Today, we continue our look at some of the sleepers John picked this preseason in his The Baseball Prospect Book 2016. This one, I will admit I didn’t really understand, but at the end of the day Phil Maton had a fantastic season, reaching Triple-A in just his second year.
Phil Maton was a four-year starter at Louisiana Tech, pitching quite well at times but having some problems with consistency.
Maton stands at 6-foot-3 and 220 pounds, so he has the build of a successful pitcher. As John mentioned, he was a middling pitcher at Louisiana Tech. He wasn’t drafted out of high school, nor was he drafted after his junior year. Nothing about his stats really jumped off the page to wow you, finishing his career with a nice senior season. He went 4-4, lowering his ERA to 3.68 from his 2014 4.98. He had impressive strike out numbers (9.2 per nine, a Conference USA best of 90) and walk numbers as well (1.9 per nine). The San Diego Padres liked what they saw and snuck him into their 20th round selection.
Drafted in the 20th round last year, he was converted to bullpen work by the Padres and thrived, shutting down the Northwest League easily and giving hope that he can rise quickly through the system.
Perhaps the solution to Maton’s inconsistencies wasn’t more, but less. He was absolutely dominant in his Northwest League debut last year, going 4-2 and converting six of eight save opportunites behind a 1.38 ERA. The more revealing stat in a reliever (in my opinion) is his WHIP, as it tells whether they keep runners at bay in their brief appearances in a game. Maton’s was a dominant 0.86, and his 0.51 FIP showed that the few runners that did score against him may not have been so much his fault. He also posted an insane 58-to-5 strikeout-to-walk rate over just 32.2 innings.
This season, he continued his dominance and made it all the way to Triple-A for El Paso’s PCL Championship run. He pitched the bulk of the season in the hitter friendly California League, where he converted nine of eleven save opportunites. The big righty struck out 47 over 33 innings, walking eight, but limiting opposing batters to a .149 average.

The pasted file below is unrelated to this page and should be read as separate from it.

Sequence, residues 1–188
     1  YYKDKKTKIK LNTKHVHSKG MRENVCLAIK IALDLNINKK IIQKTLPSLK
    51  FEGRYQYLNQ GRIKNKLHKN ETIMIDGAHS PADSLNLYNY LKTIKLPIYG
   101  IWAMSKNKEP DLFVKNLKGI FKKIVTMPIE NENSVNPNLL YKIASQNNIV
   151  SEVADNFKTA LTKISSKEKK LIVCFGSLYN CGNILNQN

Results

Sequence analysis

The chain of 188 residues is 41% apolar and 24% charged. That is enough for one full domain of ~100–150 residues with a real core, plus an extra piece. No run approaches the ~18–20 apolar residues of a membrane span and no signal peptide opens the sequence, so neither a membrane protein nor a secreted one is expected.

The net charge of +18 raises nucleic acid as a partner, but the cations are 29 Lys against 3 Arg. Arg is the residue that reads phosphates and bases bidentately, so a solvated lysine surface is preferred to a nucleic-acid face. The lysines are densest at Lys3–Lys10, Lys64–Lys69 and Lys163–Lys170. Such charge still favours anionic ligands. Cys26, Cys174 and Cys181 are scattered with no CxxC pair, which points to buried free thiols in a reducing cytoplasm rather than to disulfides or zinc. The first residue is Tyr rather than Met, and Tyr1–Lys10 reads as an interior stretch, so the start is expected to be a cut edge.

He made five appearances in the PCL regular season before he got his first taste of championship baseball and thrived under pressure. He pitched 4.1 innings of postseason baseball, allowing three hits, no runs, no walks and striking out five. He record three consecutive saves, including the biggest one of his career in the PCL Championship game against a loaded Oklahoma City roster.
Maton’s fastball has average velocity for a right-hander at 90-93 MPH but it plays up because he mixes it efficiently with a good cutter and an occasional curveball. He has a change-up but this was erratic in college and he didn’t need it much in the pro bullpen.
MLB Pipeline calls his go-to pitch an "invisible fastball" because it has very late life and disappears on hitters. He uses it effectively inside the strike zone and has shown it is a successful pitch across every level of the minor leagues. His cutter sits in the mid-80s and has become an effective out pitch, and the curveball has enough spin and swing-and-miss to it that it has become a reliable enough weapon to be considered close to average.
CONCLUSION: Maton woke up. Cross him off the sleeper list, because now it is San Diego or bust. He has pitched five, one-hit, shutout innings in the Arizona Fall League, going two innings in two of his last three appearances, showing he can be an effective late inning guy as well as closer. His FIP was a little more erratic, but never worrisome, at the higher levels, but he also showed he was able to keep runners at bay. There were discussions of moving Maton back into the rotation before the season, but it appears they chose correctly. He has the composure to be an effective closer at the next level, but he could break in more quickly as an eighth inning guy. It will be interesting to see if he breaks spring training on the Opening Day roster, but barring injury, Maton’s big league career is not too far away.